It’s easy to a buy stock, and it’s generally a pleasant experience. The purchase can make you feel excited, optimistic, even triumphant!
However, the day will come when you own a stock that disappoints you, or even scares you. The share price stagnates or falls or collapses. Panic can set in.
“Why does it keep falling? When will the price go back up? Why can’t I find any news on the stock? Doesn’t Wall Street know what a great company this is?!”
Yet, with a bit of planning, you can mitigate these potential negative scenarios. Yes, stocks can be volatile. But that volatility is not caused by voodoo. There are reasons that stock prices go up and down.
Let’s talk about developing a sell strategy, so that when things go awry – much like we’ve been seeing all year – you aren’t the last person in America left holding a stock that’s fallen 80%.
There are two types of bullish stock investors: buy-and-hold investors and opportunists.
Buy-and-hold investors would be wise to have a written investment policy statement pertaining to their stock investing. Since they’re generally neither comfortable nor experienced with selling stocks, it’s important that they know, in advance, under what circumstance they will sell.
Here are some examples of simple investment policy statements regarding selling stocks:
- I will sell stock if the company’s earnings per share (EPS) are expected to grow less than 10% in each of the next two years
- I will sell stock if its dividend is reduced or
- I will sell stock if any particular industry makes up more than 20% of my total equity
Opportunists are more actively focused on wealth creation than are buy-and-hold investors. They’re less willing to withstand market downturns, and less willing to wait out a company’s period of slow earnings growth.
Opportunists can benefit greatly from market cues that are provided through technical analysis, the study of stock price movement.
The easiest way to identify entry and exit points for a novice chart-reader is to look for predictable trading ranges; then simply buy a quality growth stock when the stock’s at the support level, and sell when the stock’s at the resistance level.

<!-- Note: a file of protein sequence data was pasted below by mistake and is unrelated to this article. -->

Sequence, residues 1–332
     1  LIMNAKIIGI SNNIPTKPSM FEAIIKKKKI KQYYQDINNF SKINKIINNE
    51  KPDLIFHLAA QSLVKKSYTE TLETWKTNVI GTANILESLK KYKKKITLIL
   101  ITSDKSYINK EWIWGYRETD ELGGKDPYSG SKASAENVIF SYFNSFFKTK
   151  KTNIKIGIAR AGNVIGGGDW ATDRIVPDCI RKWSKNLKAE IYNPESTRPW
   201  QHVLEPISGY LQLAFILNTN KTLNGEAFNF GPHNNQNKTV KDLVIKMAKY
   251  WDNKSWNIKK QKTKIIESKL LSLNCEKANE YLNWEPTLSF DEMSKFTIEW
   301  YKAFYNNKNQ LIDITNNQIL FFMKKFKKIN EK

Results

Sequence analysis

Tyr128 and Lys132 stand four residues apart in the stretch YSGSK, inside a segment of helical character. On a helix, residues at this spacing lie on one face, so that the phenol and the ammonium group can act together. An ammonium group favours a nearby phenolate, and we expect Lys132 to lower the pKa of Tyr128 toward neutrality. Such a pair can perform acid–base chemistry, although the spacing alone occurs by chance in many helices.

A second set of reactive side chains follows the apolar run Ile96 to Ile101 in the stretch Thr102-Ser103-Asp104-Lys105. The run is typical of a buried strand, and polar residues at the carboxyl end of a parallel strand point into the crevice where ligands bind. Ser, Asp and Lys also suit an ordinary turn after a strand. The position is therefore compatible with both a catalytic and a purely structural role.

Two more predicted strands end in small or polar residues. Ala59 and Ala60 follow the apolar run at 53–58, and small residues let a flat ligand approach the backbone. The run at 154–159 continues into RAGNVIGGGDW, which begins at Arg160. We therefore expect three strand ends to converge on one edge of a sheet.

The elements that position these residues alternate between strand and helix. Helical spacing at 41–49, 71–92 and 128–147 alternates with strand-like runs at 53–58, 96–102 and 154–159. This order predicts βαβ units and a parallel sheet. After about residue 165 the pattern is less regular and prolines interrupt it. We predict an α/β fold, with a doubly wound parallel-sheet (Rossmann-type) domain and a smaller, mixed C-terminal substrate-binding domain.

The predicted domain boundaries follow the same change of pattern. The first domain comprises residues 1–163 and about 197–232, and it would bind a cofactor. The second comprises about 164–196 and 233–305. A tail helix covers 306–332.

For example, on January 2, 2015, I told investors to hold their shares of FedEx (FDX), and “expect it to trade sideways between 164 and 183 for the time being.” The stock proceeded to
trade exactly between 164 and 183 for five months. It briefly rose to 185 on June 12, then fell back down to price support.
For slightly more advanced chart-readers, an optimal time to purchase a stock is when it breaks above a stable trading range, because it’s likely to experience a nice run-up in the ensuing days and weeks.
Here’s an example. On April 30, 2015, I told traders to buy Avery Dennison (AVY).
I wrote, “AVY shares were in a stable trading range for four months, until April 29, when the stock broke through upside price resistance. Based on previous chart patterns, I believe the stock could climb to 61 before meeting additional upside resistance, at which time it would likely establish a new trading range.”
The stock rose as high as 63.42 on May 27.
On June 9, I wrote, “AVY’s recent price run-up is likely over. Buy-and-hold investors should hold their shares. Traders should have already had an exit strategy in place.”
And sure enough, the stock commenced trading sideways again. On May 14, I gave this advice about Juniper Networks ( JNPR):
“In my April report, I told investors, ‘There’s medium-term price resistance at the February 2014 high of 28.39. Now that the share price is approaching that number, shareholders should be prepared for some sideways trading.”
“Most current shareholders should hold their stock, which is currently undervalued.”
“Traders might jump out at 28, because the near-term upside is rapidly waning.”